This mower has rear-wheel drive, and while shopping I noticed there are a number of others on the market with front-wheel drive. From experience with both kinds, I can tell you that rear drive is the only way to go. Too often with a front drive mower, you will find yourself stuck somewhere with the powered wheels out of contact with the ground.
The JS40 can be used as a mulching mower, a side-discharge mower or a rear-bagging mower. All the parts are included. To change from one configuration to another requires removing one toggle nut (no tools required) and slipping the proper chute into place. I managed to lose the plastic toggle nut in the first hour of mowing, but the “hell box” in my workshop yielded a nice, big brass one that replaced it readily. That’s another advantage of this brand: it appears to use US (fractional-inch) hardware, rather than metric. While I do have a metric “hell box” also, my collection of SAE fractional-inch nuts and bolts includes stuff accumulated by my grandfathers, so you can almost always find a part that will make do. The metric junk box goes back only about two decades, and it’s in the process of becoming ripe for whomever will inherit it from me.
This mower has only two genuinely annoying points. You drain the oil through the fill plug, rather than a crankcase drain. This has become pretty much par for the course for mower engines, but I don’t like it because you need to empty the gas tank before tipping over the mower to change oil, unless you want a real mess on your hands. On the other hand, the Briggs carburetor is a simple affair without a float chamber, so you don’t end up with a flooded carb when you’ve put the mower up on its side for an oil change, blade change or underside cleaning.
The other annoying bit is the wheel drive mechanism. Deere calls this a “continuously variable speed” drive, which is a nice invention from the marketing department. Any wheel drive on a walk-behind mower is bound to be a bit of a Rube Goldberg contraption. The maker has to figure out an easy way to harness the power of the vertical shaft engine, and make the power “turn a corner” to rotate the horizontal wheel axles. This particular John Deere mechanism involves a v-belt that attaches to the engine shaft just above the mower blade, and runs out through a slot in the deck to a couple of pulleys. Luckily it is self-adjusting for just about the life of the belt, because the part above the deck lies underneath a shield that is held on by six or 8 screws, and is a pain in the neck to remove and replace. The drive speed is controlled by allowing the belt to slip to a greater or lesser degree over a pulley. You have two controls on the handle—one that varies the belt slippage (and thus the speed) and the other that simply engages and disengages the wheel drive. The latter, you have to hold down while you are operating the mower (along with the deadman for the engine). What makes this ANNOYING is that as you allow the drive belt to slip to slow down the mower, it also transfers less torque to the wheels. So, if you are mowing a pattern where you are going downhill, then turning and coming uphill, you must fiddle with the drive speed a bit each time you change directions. It’s a minor annoyance, but one that I noticed immediately. Still, this kind of speed adjustment is far better than the kind where you have to lean down and change a lever down at the mower deck.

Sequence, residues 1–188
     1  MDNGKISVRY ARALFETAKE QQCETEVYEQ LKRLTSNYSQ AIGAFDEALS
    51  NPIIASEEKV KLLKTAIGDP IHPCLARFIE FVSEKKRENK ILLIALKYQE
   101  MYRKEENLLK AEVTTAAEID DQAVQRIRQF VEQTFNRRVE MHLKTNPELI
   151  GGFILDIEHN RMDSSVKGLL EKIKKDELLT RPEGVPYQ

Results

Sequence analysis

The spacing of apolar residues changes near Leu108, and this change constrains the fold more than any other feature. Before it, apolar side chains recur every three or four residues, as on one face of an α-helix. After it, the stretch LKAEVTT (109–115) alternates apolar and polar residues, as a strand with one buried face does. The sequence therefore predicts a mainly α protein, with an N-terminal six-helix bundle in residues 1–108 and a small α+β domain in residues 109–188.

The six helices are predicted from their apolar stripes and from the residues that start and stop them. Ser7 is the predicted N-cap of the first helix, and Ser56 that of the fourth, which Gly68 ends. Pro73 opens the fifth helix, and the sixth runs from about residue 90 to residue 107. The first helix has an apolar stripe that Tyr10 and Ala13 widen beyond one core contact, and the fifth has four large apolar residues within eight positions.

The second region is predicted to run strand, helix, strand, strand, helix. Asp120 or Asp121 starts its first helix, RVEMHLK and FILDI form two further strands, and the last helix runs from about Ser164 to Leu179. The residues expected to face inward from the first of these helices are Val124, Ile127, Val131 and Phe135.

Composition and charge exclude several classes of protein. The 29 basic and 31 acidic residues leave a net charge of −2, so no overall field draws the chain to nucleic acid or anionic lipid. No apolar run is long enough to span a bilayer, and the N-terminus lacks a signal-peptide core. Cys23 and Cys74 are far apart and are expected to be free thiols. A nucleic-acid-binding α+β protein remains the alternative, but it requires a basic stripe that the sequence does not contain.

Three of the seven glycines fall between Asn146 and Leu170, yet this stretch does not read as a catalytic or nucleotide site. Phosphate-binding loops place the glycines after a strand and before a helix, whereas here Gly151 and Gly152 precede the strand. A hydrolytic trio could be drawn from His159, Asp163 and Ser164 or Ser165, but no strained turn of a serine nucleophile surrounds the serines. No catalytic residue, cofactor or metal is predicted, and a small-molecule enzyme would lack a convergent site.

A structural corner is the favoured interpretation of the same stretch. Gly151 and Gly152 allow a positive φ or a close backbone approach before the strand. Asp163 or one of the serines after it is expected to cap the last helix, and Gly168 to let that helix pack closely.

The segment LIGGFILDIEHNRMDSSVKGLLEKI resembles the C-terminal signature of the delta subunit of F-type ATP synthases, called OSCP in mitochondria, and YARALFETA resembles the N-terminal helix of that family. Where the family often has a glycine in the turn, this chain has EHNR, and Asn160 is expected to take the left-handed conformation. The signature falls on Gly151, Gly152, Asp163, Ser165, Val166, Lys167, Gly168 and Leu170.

It’s also worth mentioning that the wheel height adjusters on this machine are easier to operate than most, and thus far they have not shown any tendency to slip out of adjustment. This is a problem I’ve had with other brands of mowers, especially as they age.
Also, the mower industry seems to have changed from rating engines in horsepower to rating them by torque production. So, I don’t know quite how to compare the power of this mower to the Briggs-powered MTD one that I bought three years ago. Suffice it to say that I have never found the Deere to be short of power, even when plowing through grass that has been let go too long.
I’ve been using this mower for four or five months now, and I’m not sorry I chose it. You can spend a lot more money for a walk-behind mower without getting the features this one has.